Iran: "Mykonos" Trial Provides Further Evidence of Iranian Policy of Unlawful State Killings
April 10, 1997
AI INDEX: MDE 13/15/97
10 APRIL 1997 IRAN: “MYKONOS” TRIAL PROVIDES
FURTHER EVIDENCE OF IRANIAN POLICY OF UNLAWFUL STATE KILLINGS
Today’s verdict from a German
court in the trial of five men for the September 1992 killings of three leaders
of the Kurdistan Democratic Party of Iran and an interpreter in Berlin yet
again indicates a coordinated policy by the Iranian state to kill Iranian
dissidents, Amnesty International said today.
The five men -- four Lebanese and one Iranian -- had been charged with carrying
out the killing in the Mykonos Restaurant, in Berlin. Four were convicted of
the killings, while the fifth -- a Lebanese -- was acquitted. Kazem Darabi, an
Iranian said to have organized the killings for the Iranian secret service, and
Abbas Rhayel, accused of firing the fatal shots, were given life sentences. The
two other Lebanese were given prison sentences of 11 years and five years,
“We welcome the fact that four people have been brought to justice for these
killings. However, for years, Iranian dissidents have been dying in
circumstances suggesting that they were killed by Iranian Government agents.
This trial has shed some further light on the mechanisms by which such killings
occur,” Amnesty International said.
“It is time for the Iranian authorities to live up to their international
obligations to protect the right to life, and to end any such policy of
Amnesty International noted, however, that the case could not yet be considered
closed since a German arrest warrant issued in March 1996 for the Iranian
Minister of Information and Security (in charge of Iran’s secret service),
Hojjatoleslam Ali Fallahian -- also allegedly implicated in the killing --
The court found that the killings had been ordered by Iran’s political
leadership through a “Committee for Special Operations”, whose members it
reportedly said include the Leader of the Islamic Republic, the President, the
Minister of Information and Security and other security officials.
The Iranian authorities have consistently denied involvement, and have stated
that the trial has been “turned into a political case”. The Foreign
Minister has also reportedly been quoted as saying that the “Islamic
Republic of Iran under no circumstances permits others to dictate to it or
damage its reputation or interests”.
The existence of such a policy of extrajudicial executions is given further
weight by the numerous cases of possible extrajudicial executions of Iranians,
both inside and outside the Iran, which have continued to occur in recent
years. Of those inside the country, most
were either writers or members of religious minorities. For example, Molavi
Ahmad Sayyad, a Sunni leader of Baluchi origin, died in unclear circumstances
after being arrested at Bandar Abbas airport in January 1997 on his return from
the United Arab Emirates. His body was found outside the city five days later.
He had previously been arrested in 1990 and apparently detained without trial
for five years on account of his religious beliefs and perceived close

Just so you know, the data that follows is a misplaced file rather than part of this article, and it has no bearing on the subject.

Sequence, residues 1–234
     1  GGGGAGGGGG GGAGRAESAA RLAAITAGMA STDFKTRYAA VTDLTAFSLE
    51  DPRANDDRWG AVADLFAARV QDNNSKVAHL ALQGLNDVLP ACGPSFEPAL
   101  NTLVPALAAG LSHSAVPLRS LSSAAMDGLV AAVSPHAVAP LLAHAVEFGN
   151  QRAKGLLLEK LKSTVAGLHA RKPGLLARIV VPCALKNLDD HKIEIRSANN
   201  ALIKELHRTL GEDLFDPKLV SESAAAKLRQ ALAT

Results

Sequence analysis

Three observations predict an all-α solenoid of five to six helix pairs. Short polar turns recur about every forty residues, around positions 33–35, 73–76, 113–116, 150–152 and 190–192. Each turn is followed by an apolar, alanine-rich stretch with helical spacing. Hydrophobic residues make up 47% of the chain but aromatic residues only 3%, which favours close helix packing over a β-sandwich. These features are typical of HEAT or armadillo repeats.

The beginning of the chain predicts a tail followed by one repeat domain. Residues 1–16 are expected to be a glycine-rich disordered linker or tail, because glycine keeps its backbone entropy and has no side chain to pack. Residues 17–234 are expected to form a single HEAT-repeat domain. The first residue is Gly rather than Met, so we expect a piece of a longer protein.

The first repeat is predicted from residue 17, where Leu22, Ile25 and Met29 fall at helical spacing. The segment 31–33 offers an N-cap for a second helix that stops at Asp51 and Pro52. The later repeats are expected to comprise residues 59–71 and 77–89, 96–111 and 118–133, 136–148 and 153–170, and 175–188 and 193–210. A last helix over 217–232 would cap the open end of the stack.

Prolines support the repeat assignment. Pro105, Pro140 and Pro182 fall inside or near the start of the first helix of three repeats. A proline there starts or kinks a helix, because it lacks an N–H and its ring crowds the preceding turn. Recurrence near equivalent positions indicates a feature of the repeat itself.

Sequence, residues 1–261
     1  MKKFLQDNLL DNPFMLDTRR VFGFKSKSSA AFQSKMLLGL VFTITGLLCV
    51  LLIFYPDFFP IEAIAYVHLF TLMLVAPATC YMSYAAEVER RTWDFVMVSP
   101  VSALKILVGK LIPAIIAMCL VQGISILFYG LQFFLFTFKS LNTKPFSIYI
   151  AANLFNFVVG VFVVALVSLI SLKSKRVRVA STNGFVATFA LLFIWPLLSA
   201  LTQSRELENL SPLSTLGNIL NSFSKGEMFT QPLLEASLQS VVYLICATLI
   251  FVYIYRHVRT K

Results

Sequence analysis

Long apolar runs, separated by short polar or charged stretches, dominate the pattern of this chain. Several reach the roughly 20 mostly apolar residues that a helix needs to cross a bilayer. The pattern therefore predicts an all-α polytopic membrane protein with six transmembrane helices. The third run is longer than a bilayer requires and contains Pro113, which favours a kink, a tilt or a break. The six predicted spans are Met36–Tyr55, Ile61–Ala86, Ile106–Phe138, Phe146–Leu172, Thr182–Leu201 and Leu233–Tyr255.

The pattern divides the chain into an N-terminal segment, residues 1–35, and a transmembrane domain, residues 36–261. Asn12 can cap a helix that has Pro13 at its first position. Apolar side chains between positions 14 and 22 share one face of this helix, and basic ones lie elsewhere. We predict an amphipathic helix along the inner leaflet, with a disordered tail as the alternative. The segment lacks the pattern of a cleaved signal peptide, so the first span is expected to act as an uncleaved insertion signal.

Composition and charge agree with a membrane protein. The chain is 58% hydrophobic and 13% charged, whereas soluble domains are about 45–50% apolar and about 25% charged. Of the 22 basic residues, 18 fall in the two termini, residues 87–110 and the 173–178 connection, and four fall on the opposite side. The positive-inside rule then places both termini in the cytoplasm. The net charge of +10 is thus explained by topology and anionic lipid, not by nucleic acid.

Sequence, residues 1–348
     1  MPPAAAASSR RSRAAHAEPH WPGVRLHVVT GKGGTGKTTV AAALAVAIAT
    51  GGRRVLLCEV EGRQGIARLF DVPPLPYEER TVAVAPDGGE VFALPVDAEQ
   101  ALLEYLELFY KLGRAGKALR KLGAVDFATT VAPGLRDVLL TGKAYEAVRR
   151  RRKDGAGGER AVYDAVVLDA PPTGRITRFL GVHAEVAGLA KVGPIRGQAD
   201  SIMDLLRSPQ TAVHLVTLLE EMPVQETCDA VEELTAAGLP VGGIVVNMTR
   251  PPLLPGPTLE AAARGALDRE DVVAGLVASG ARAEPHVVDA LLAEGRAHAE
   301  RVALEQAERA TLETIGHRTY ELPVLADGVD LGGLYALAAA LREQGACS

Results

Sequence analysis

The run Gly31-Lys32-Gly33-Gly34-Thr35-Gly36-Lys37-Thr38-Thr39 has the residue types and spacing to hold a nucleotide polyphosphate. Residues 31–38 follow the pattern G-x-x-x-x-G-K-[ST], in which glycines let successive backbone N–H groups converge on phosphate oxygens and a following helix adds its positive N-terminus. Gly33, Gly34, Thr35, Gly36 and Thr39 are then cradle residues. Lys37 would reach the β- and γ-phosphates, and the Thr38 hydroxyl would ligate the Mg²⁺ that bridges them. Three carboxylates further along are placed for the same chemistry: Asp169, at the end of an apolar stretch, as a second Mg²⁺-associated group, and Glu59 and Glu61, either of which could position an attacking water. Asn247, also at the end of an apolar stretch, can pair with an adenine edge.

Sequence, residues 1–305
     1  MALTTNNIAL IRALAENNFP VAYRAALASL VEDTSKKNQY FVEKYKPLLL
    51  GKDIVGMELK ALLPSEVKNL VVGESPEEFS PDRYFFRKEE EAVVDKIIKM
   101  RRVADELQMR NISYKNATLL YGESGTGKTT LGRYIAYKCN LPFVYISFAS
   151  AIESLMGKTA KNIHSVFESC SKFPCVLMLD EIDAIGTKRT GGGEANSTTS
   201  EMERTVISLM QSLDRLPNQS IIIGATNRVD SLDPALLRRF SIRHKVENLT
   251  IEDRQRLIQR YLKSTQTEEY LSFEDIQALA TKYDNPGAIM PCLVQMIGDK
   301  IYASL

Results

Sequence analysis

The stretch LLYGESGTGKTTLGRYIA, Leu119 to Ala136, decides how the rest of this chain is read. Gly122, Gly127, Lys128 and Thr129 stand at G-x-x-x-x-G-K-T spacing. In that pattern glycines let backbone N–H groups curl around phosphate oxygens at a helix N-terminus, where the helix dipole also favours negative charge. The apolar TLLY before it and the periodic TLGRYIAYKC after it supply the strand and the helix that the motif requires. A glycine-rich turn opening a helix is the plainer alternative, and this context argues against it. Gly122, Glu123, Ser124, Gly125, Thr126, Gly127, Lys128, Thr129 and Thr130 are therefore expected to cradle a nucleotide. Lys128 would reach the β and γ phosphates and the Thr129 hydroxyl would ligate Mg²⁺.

relationship with Saudi Arabia.
Mohammad Bagher Yusefi (also
known as Mohammad Ravanbakhsh), a Protestant Christian pastor, was found dead
in September 1996. The Iranian authorities said he had committed suicide, but
gave no indication that an independent and impartial investigation had been
carried out into his death. Ebrahim Zalzadeh, an editor, “disappeared” in
February 1997. His body was found later with stab wounds.
Those killed outside the country
included Zahra Rajabi and Abdolali Moradi -- both connected to the National
Council of Resistance of Iran -- killed in Turkey in February 1996. In January
1997 an Iranian, Reza Massoumi, was sentenced to 33 years and four months’
imprisonment for the killings. He was reported as saying, “I did not take
part in this action of my own will. This is an Iranian secret service plot”.
Other victims included Reza Mazlouman, a former Deputy Minister of Education
under the Shah, who was killed at his home in France in May 1996 and two
Baluchis, Abdolmalek Mollazadeh and Abdolnasser Jamshid Zahi, who were killed
in Pakistan in March 1996.
The threat of extrajudicial
execution continues to extend to many Iranian nationals abroad, as well as to
non-Iranians such as the British writer Salman Rushdie, whose killing had been
called for in a fatwa (religious edict) in 1989. The Iranian Government
has never issued written confirmation that it would not send anyone to kill
him. In February 1997, an Iranian foundation raised the bounty payable for the
killing of Salman Rushdie; senior members of the clergy made provocative
statements; and the Revolutionary Guards published a statement saying that
Muslims would not rest until he had been killed. The government failed to
condemn or put an end to such threats, indicating official acquiescence in a
threat of extrajudicial execution.
Other evidence of state involvement in such killings has been given by
statements by Iranian officials. For example, the Minister of Information and
Security, Hojjatolelsam Ali Fallahian, was reported as saying in a television
interview on 30 August 1992: “We have been able to deal blows to many of the
mini-groups outside the country and on the borders... one of the active
mini-groups is the Kurdistan Democratic Party... We were able to deal vital
blows to their cadres last year... and their activities were reduced.”
Amnesty International opposes
extrajudicial executions as a violation of the right to life, guaranteed by
Article 6 of the International Covenant of Civil and Political Rights, to which
Iran is a state party.